Compounding matters further, these insurers may have the obligation to defend more than one party and/or under more than one policy. As a result, when it comes time for Mediation, there is great debate and discussion over the insurers' respective defenses and limitations to coverage as a means of prioritizing the various insurers' levels of participation. Issues can relate to the broad topic of coverage for faulty workmanship (depending on the state's law, which may control)to inter-insurer arguments over which policies on the horizontal timeline are implicated, and on to specific exclusions that may limit the scope of coverage – many of which are now customized or “manuscripted” through a particular insurer.

Setting aside the traditional coverage issues between particular contractors and their insurers, there are additional battlegrounds with upper tier contractors seeking coverage under the lower tier contractors' policies by way of claims for additional insured status and contractual indemnification coverage. Tenders are conveyed; possibly accepted – but often rejected or deferred – all of which sets the stage for coverage litigation.

These parallel declaratory judgment actions can take the form of insurer versus the insured – where the insurer is seeking to limit the scope of its coverage or the number of policies exposed. Or they can take the form of claims by purported additional insureds seeking confirmation that they have coverage under a lower tier contractors' policy. They can also take the form of excess insurers bringing suit against primary insurers which are seeking to employ a non-cumulation endorsement or a pre-existing damages exclusion to limit their coverage horizontally.

Obviously, these parallel actions need to be drawn into the Mediation process as well if resolution is to be achieved. From a Mediator's perspective, he or she needs to focus on the issues to which the insurers will be most sensitive: (i) first and foremost, the cost – particularly with those insurers that may be defending one or more parties in the underlying litigation; (ii) the reality that a trial in the underlying matter will not resolve issues attendant to coverage; (iii) the potential ramifications of an uninsured verdict against an insured; and (iv) the risk of unfavorable judicial interpretations and bad precedent relative to the insurers' policy language.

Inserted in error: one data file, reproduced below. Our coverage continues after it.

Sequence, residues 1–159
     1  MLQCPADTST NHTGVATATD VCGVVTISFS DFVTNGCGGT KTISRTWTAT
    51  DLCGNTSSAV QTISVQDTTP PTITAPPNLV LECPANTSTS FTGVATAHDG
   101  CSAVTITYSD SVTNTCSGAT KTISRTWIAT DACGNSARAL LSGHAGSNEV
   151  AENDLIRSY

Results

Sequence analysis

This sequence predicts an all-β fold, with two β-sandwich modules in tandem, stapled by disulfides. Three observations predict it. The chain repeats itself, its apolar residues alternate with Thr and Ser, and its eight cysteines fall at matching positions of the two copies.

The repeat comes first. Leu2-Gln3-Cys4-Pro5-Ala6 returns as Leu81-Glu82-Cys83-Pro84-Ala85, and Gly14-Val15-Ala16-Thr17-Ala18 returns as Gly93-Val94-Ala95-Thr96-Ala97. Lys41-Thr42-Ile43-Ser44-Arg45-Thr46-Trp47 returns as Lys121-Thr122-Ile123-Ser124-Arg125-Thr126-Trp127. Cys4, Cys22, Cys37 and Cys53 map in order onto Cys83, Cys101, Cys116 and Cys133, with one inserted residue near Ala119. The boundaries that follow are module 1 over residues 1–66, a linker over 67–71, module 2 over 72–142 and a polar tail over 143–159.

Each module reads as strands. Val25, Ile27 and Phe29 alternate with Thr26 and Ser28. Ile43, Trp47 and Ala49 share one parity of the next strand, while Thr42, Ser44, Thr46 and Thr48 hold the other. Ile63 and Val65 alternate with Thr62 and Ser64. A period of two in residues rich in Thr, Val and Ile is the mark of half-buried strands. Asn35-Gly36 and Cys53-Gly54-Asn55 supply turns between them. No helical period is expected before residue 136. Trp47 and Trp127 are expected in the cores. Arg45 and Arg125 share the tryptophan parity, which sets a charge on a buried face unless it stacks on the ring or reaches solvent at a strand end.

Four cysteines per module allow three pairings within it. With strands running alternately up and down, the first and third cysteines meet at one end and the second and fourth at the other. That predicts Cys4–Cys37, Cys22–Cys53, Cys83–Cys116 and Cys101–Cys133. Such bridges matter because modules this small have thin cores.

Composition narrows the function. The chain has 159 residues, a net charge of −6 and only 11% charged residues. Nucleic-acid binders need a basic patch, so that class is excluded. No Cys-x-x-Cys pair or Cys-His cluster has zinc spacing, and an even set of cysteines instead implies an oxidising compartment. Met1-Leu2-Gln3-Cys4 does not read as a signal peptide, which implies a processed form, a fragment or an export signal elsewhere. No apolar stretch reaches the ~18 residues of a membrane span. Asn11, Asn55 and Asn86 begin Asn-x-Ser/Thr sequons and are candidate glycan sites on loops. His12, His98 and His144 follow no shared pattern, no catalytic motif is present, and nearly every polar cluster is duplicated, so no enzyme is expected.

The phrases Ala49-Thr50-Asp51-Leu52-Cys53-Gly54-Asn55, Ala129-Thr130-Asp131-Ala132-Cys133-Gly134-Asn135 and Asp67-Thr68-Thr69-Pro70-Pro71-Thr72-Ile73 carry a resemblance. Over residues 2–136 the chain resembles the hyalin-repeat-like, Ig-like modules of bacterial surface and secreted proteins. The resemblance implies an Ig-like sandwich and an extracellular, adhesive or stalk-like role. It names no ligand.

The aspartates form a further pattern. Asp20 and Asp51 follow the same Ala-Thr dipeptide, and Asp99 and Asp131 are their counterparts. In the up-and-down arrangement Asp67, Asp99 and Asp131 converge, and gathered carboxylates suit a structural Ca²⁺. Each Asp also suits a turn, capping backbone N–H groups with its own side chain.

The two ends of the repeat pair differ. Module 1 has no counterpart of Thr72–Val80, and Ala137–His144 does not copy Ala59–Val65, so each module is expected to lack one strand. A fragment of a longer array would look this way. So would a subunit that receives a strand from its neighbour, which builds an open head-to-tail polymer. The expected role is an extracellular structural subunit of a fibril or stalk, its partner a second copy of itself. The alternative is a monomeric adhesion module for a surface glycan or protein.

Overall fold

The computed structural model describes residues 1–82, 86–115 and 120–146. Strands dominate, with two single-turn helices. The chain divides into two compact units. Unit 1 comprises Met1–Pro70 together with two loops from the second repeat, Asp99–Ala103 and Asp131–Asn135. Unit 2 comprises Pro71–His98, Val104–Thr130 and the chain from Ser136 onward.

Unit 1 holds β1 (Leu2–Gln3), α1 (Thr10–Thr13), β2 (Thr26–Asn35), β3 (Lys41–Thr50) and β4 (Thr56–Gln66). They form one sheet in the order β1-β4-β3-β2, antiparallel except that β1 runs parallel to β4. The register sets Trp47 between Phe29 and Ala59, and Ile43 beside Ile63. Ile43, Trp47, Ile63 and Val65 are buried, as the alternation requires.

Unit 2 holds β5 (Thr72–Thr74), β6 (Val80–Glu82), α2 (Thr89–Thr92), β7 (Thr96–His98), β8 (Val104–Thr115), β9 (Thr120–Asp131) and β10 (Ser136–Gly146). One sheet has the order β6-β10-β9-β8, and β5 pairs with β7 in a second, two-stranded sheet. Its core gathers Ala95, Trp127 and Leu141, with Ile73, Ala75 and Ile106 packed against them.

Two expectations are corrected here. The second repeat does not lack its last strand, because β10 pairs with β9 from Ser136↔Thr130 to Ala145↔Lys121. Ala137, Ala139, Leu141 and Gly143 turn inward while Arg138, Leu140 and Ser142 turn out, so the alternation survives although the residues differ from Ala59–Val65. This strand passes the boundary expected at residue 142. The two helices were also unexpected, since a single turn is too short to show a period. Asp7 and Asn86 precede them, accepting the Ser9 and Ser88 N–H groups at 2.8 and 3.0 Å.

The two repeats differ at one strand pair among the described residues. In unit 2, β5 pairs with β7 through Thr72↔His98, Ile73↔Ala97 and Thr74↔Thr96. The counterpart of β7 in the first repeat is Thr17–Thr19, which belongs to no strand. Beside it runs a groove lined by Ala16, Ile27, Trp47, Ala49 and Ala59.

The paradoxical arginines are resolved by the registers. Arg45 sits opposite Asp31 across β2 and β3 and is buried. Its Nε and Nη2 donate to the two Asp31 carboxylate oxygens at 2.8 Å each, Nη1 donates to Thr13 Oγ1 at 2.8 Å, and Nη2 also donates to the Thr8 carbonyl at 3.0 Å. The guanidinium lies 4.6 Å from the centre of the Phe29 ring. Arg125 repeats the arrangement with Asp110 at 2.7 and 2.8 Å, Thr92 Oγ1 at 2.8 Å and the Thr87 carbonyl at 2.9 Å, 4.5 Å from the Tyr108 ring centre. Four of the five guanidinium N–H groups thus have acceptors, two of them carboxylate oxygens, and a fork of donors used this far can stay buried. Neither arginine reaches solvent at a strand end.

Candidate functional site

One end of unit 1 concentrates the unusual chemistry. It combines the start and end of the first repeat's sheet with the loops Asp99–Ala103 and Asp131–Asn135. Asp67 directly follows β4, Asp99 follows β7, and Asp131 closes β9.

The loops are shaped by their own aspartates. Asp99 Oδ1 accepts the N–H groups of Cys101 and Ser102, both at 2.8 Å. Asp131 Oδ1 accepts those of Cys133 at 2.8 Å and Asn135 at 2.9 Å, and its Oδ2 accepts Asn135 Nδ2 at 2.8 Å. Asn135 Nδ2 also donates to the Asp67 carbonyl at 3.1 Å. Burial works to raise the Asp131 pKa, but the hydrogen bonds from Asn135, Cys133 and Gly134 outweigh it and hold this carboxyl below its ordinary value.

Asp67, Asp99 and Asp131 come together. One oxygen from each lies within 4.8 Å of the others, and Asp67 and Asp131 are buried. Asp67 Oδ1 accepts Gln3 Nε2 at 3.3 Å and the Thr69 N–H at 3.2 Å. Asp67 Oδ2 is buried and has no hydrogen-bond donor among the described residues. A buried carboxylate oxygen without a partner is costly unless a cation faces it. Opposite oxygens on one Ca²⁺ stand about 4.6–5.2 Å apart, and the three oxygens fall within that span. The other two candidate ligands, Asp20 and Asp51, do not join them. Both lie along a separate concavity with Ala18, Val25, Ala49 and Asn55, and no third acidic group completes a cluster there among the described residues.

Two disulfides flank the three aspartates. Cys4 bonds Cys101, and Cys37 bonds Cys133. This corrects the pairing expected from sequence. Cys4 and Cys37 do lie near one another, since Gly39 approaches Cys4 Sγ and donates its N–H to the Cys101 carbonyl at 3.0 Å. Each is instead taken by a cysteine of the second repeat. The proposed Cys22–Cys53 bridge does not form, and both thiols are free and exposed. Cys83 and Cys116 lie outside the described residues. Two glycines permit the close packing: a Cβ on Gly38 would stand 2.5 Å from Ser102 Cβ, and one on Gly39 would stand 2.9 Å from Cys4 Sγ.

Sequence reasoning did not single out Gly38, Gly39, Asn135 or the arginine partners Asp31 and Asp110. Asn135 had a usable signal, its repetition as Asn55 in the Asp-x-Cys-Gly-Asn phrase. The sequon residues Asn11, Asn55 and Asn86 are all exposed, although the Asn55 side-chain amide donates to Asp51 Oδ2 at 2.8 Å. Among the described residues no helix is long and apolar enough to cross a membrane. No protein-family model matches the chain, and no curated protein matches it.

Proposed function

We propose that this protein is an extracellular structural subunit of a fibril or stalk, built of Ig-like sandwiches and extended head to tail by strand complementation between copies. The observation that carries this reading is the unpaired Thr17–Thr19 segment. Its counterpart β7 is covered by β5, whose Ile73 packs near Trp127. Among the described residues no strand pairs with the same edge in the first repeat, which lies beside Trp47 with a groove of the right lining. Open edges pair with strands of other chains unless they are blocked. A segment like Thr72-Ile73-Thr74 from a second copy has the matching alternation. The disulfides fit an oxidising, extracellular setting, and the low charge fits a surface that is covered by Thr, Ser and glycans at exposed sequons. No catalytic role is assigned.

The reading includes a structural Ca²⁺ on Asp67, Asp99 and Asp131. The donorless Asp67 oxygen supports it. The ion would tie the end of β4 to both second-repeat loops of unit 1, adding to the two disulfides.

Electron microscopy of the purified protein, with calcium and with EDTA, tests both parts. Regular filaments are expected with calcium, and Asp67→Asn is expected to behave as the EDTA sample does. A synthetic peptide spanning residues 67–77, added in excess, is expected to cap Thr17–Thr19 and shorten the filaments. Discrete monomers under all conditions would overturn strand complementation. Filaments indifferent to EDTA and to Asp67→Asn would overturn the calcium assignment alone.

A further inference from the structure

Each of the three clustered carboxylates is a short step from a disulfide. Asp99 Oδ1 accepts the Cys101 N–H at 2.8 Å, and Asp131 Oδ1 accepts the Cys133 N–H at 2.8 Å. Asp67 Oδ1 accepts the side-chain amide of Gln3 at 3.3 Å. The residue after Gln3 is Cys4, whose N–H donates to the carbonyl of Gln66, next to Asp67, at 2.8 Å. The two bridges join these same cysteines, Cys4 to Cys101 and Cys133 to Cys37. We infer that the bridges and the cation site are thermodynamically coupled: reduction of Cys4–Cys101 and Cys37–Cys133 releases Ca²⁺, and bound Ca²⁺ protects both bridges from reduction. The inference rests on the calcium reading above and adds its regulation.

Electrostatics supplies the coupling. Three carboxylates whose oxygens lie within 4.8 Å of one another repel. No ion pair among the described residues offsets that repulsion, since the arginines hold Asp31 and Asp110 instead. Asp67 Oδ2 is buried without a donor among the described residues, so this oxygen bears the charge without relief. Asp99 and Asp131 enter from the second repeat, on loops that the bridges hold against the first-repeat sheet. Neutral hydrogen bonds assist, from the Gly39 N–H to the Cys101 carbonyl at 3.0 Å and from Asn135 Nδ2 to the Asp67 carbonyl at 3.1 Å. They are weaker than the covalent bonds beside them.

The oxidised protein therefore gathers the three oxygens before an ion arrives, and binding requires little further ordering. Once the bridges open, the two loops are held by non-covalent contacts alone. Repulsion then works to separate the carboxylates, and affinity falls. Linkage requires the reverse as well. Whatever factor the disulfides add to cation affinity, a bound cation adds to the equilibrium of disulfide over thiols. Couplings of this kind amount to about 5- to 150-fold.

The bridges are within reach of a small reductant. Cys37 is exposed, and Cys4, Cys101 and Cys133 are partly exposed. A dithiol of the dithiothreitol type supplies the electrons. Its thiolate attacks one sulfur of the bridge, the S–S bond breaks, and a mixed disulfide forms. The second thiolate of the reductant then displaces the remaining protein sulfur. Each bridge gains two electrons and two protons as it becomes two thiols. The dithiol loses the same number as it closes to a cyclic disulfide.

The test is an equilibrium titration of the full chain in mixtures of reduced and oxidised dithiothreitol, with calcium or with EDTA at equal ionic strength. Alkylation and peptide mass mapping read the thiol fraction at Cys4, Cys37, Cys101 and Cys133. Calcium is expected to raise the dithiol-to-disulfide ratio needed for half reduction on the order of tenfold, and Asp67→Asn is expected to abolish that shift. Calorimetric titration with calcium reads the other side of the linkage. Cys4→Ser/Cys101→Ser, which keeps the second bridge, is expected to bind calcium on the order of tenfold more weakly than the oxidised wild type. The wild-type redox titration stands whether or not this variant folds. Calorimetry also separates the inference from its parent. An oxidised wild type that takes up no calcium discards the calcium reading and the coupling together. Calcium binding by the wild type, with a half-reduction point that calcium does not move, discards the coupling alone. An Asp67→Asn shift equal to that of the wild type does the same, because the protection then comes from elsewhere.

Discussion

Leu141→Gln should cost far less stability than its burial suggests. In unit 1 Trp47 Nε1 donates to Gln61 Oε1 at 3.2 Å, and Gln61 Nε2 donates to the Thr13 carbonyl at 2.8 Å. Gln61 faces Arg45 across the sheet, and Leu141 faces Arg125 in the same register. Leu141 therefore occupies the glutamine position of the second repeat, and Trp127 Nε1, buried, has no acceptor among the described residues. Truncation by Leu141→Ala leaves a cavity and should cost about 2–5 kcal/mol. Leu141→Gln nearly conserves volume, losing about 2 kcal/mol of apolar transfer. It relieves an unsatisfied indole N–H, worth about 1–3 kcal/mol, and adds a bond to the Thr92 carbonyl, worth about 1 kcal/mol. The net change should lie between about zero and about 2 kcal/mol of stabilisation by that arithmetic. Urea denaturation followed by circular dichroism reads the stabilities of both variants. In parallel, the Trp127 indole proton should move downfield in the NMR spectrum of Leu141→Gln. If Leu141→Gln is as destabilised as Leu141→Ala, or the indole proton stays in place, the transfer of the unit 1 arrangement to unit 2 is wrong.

When all of these issues are considered together, Mediation becomes increasingly attractive. Indeed, it is the only forum where all of the parties' respective interests can be addressed in one setting. Now, that is not to say that the road is easy – even the mechanics of the Mediation itself can be daunting. Great advance work needs to be employed in order to coordinate and address the issues in an effective fashion, which often entails a series of preliminary telephone calls, meetings, small-scale Mediation sessions and the like as a means by which foundational goals can be identified and, hopefully, achieved. Part of that foundation building may also involve the need for limited discovery. Here, the exchange of contracts, insurance policies, expert reports and project files may be necessary and productive. Indeed, limited expert testing may also assist in addressing questions of liability, damages and coverage. That limited discovery, though, in and of itself, will also provide a taste of the tremendous amount of time and expense which will be incurred if the case is not settled and is allowed to proceed into full-blown discovery.

The bottom line is that while the Mediation of construction defect claims is a significant undertaking, it provides the most effective route for parties to gather, air and resolve the wide-range of disparate interests presented, short of years of expensive and ultimately unsatisfying litigation.


Richard P. Byrne, Esq., is a member of NAM's (National Arbitration and Mediation) Hearing Officer Panel and is available to arbitrate and mediate cases throughout the United States. In 2018, for the fourth year in a row, he was voted one of the Top 3 Mediators in the country by National Law Journal Reader Rankings Survey and for the second year in a row, he was named a National Law Journal 2017 Alternative Dispute Resolution Champion, as part of a select group of only 37 nationwide. Further, for the fourth straight year, he was voted a Top Ten Mediator in New York State by the 2017 New York Law Journal Reader Rankings Survey.

Click here to view Richard Byrne's resume.

For any questions or comments, please contact Jacqueline I. Silvey, Esq. / NAM General Counsel, via email at or direct dial telephone at 516-941-3228.